We are, as a population, constantly being encouraged to take control of our finances but it’s increasingly apparent that those of us who do so are being seen as easy pickings by HMRC.
The removal of the tax-free pension dividend allowance, the slow erosion of the lifetime allowance and the annual allowance, and that’s just pensions.
Tony Hazell has also pointed out in his column that those of us who choose to pay for private medical insurance, through our employer, end up paying a premium via our tax codes.
You could also say self employment is the ultimate form of financial empowerment. Those who work on a sole trader basis have to take total responsibility for their own finances.
Sick pay, holiday pay, even to some extent maternity pay - none of these are afforded to the vast majority of those working under the banner of ‘sole trader’.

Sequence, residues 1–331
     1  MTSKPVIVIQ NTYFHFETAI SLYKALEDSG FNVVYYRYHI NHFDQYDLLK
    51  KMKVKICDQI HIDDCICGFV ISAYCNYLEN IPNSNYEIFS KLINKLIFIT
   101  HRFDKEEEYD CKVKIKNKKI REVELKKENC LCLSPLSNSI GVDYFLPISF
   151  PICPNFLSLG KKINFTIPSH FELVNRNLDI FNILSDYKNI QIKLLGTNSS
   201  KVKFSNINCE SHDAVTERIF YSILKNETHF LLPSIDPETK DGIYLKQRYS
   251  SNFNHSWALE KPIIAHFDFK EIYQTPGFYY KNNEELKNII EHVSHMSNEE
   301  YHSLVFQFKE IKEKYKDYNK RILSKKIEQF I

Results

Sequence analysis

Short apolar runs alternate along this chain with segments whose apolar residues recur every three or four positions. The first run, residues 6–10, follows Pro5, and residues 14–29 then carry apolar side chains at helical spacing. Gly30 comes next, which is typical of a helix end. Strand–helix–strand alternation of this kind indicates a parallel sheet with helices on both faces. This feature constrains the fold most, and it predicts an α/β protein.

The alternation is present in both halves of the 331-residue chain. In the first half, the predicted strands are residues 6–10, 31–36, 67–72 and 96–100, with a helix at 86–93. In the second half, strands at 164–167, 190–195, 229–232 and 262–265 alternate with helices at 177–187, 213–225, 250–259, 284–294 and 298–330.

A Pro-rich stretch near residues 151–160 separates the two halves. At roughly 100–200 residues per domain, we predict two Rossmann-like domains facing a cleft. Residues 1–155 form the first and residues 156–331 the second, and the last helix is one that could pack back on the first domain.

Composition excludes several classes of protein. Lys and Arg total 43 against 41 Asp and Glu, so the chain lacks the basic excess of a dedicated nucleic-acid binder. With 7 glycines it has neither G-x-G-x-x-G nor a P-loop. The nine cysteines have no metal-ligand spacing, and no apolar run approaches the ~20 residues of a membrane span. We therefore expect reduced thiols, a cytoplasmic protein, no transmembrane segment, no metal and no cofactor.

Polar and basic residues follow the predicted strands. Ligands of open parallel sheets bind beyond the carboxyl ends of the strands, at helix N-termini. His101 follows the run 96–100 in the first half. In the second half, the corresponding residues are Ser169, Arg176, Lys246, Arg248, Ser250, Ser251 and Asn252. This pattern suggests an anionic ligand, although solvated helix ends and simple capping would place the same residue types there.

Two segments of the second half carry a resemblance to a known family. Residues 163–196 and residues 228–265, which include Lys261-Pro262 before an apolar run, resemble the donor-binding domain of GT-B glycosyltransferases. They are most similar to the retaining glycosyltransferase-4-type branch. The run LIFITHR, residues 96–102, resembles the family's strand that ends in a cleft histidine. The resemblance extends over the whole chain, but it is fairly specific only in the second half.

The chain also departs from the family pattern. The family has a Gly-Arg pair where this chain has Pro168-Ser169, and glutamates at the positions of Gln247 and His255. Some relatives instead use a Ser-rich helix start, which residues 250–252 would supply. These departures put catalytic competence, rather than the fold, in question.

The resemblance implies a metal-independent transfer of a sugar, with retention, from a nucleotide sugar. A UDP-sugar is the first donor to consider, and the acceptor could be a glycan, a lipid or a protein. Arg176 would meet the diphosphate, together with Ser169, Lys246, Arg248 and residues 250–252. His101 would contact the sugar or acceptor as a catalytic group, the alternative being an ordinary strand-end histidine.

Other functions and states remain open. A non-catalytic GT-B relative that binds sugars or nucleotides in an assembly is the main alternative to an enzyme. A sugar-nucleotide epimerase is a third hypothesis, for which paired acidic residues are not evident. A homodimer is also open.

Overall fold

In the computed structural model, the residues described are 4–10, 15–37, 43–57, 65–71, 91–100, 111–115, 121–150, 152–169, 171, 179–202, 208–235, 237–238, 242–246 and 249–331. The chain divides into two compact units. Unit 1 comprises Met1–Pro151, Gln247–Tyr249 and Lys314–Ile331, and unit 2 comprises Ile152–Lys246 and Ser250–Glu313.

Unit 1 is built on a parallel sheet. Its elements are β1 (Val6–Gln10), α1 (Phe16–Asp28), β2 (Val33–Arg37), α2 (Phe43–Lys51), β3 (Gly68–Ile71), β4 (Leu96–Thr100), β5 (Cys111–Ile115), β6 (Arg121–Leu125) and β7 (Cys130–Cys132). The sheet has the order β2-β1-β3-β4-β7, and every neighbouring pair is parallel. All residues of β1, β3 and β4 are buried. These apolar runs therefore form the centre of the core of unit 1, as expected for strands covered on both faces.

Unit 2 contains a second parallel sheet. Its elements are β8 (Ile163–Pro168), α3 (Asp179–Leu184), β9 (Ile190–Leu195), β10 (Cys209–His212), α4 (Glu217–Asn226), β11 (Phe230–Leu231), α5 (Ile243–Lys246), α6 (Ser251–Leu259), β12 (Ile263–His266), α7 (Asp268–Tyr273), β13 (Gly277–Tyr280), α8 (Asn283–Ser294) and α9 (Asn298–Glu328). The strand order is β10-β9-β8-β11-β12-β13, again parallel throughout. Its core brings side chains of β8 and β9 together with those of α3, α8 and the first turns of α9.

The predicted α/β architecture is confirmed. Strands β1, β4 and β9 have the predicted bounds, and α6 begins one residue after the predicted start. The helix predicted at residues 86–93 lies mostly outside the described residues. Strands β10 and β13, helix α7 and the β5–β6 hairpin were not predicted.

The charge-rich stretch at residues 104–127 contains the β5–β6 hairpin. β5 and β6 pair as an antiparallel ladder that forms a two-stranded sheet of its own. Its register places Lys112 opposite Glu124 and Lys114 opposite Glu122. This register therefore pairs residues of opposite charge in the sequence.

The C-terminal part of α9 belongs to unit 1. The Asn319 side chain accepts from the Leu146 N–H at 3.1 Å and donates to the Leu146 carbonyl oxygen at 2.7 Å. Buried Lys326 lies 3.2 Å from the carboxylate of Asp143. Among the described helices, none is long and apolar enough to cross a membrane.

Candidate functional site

In last week’s Spring Budget, the Chancellor of the Exchequer Philip Hammond dealt a cruel blow to the self employed, by announcing an increase to their National Insurance contributions.
Most self employed people do not earn such vast sums. In fact many large corporations rely on sole traders to fulfill key roles in their business, and then take ages to pay them; but that’s a gripe for another time.
The reality is sole traders are those who may be in the early stages of setting up a business - they may not yet be employing anyone - or they may be working part time to juggle family commitments (both children and parents)
They are not the people the chancellor should be targeting. And NI as I have argued here before is a strange beast. Although it is supposed to be set aside for our pension contributions it isn’t, it is used to pay out the pensions of today’s (largely wealthy pensioners).
We are told that the increased revenue generated from higher NI will go towards social care which sounds great, but isn’t that what taxation is for?
Why not encourage more of us to put money into a pension by scrapping NI and letting us decide where to put our pension money.